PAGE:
A few years ago I found myself at the Crematorium. I was sharing the service with my predecessor Rev Dr Ken Newell. The family had chosen 3 songs. We started with a reverent Westlife attempt at You Raise Me Up. Soon it Pat Boone. Ken gives me a look and I say, “I used to do a radio show, leave this one with me!”
So, this week, I found myself on BBC Radio Ulster talking about secular songs that I would have at my funeral. Mark Simpson was asking and my fellow interviewees were Michael Conlon, a humanist celebrant and Gaynor Kane, a poet.
For me it is always Deacon Blue’s Take Me To The Place. It has the catharsis, re-making Abide With Me as deep lament. Written for an actual funeral - Glasgow photographer Oscar Marzaroli’s.
Over the years I guess I’d have a few others. Bob Dylan’s Knockin’ On Heaven’s Door seems like an ending before new beginnings; Brian Houston’s The Valley is a fine sign off to family and loved ones; and I could go back to Deacon Blue’s Riches, more a celebration of hopefulness that heaven will be all we had lived for on earth.
Michael chose This Woman’s Work by Kate Bush, a song that has meant a lot to him in his life. Gaynor went for the Final Countdown as her coffin disappears, more a shock or fun tactic.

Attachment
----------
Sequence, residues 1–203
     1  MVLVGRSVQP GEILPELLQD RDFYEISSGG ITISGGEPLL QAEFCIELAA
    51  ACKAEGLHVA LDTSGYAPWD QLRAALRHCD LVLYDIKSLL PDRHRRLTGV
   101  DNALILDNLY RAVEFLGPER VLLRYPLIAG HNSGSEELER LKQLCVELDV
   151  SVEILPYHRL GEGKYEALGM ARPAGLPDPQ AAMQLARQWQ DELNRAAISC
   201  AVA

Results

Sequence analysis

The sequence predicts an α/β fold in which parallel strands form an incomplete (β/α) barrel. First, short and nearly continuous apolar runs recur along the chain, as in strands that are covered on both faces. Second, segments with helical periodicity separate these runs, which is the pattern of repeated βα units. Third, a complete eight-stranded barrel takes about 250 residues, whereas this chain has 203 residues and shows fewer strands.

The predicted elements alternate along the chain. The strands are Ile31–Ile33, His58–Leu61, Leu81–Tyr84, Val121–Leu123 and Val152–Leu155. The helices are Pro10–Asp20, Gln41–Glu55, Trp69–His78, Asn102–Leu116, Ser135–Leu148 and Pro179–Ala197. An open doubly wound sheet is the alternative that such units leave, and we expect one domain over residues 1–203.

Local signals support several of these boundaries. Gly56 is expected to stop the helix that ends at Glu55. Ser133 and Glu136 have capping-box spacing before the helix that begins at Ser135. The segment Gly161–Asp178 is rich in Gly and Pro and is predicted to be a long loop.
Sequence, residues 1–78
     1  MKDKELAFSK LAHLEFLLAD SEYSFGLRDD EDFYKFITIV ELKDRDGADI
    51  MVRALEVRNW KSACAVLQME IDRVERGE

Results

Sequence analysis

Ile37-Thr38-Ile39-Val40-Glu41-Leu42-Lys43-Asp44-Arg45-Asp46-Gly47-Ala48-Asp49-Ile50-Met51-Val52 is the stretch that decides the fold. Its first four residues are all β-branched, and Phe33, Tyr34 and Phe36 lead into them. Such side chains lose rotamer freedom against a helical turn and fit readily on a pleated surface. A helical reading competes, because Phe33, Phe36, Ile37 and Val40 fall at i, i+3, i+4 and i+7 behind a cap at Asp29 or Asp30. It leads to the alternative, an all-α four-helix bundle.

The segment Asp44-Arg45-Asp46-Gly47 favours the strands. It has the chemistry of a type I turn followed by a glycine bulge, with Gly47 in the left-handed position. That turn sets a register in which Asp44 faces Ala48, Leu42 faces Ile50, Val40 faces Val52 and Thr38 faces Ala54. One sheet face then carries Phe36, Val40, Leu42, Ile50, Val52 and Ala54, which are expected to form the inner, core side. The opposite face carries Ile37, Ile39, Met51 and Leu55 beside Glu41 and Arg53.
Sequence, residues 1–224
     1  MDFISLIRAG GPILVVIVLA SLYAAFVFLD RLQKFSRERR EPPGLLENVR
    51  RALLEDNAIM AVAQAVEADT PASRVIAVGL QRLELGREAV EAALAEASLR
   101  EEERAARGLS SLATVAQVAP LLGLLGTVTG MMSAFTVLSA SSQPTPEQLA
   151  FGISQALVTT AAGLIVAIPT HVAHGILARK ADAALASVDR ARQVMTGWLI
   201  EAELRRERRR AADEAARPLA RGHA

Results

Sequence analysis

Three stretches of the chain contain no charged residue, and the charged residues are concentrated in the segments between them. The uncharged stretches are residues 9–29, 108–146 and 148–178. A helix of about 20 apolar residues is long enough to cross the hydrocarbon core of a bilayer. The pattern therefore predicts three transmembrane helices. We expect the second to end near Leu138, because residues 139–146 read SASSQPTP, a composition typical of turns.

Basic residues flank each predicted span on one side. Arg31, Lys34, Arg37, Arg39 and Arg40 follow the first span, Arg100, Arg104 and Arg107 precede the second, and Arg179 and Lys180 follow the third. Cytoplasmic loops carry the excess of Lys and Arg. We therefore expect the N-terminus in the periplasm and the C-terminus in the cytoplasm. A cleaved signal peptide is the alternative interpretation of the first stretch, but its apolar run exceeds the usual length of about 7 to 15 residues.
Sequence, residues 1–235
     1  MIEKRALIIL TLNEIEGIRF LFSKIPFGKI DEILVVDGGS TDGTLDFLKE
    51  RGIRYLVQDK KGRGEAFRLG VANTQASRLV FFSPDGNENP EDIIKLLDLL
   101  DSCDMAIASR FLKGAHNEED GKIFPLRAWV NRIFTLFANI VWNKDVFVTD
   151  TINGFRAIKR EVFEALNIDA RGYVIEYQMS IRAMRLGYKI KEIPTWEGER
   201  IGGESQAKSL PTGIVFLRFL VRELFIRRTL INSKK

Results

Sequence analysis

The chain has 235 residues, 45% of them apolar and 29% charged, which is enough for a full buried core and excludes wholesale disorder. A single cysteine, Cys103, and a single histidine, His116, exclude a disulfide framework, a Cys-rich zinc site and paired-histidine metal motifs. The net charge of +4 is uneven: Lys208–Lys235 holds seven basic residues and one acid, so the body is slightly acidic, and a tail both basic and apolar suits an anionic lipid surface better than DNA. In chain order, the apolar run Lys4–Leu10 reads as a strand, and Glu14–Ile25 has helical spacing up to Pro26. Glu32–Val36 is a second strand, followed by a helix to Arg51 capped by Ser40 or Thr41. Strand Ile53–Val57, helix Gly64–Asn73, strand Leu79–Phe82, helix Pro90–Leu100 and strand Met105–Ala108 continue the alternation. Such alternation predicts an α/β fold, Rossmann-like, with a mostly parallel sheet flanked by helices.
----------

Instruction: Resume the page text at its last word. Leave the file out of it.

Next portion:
For me, funerals are a triangle of sensitive relationships. The one who has passed away, their loved ones and me. Some such services are now called Thanksgivings as often as they are funerals. We are grieving a loss. We are remembering a life. If I am doing it, then we are putting both those things in the context of God and faith and eternity.
Those are all important things. Gaynor’s Final Countdown in some ways that new mix of celebrating a life and those first steps of grief’s long journey. It is the craic of the Irish wake sneaking into the funeral.
I have not used songs other than hymns very often in services but I can see their poignancy and usefulness. Favourite songs can reveal a lot about a life. Michael’s choice of The Woman’s Work saying something of his admiration for mother and grandmother.
One time I did use the secular song was when my friend Pat passed away. Pat was more Bowie than Church. I found myself in his home planning the funeral with his wife Gloria and daughter Alex arguing about what song Pat wanted. Space Oddity said Alex. Life On Mars said Gloria. Then Gloria added, “I remember him pointing out the question mark.” I was ten years old again. I saw that question mark on my RCA label of Life On Mars?
To play Life On Mars? as Pat’s coffin left the church seemed right. It seemed to meet the wishes of Pat and his family to play it. I then as the third side of the triangle pondered all the questions marks in the Bible. It worked a treat. BBC Radio 4 even picked it up for a programme on Life On Mars?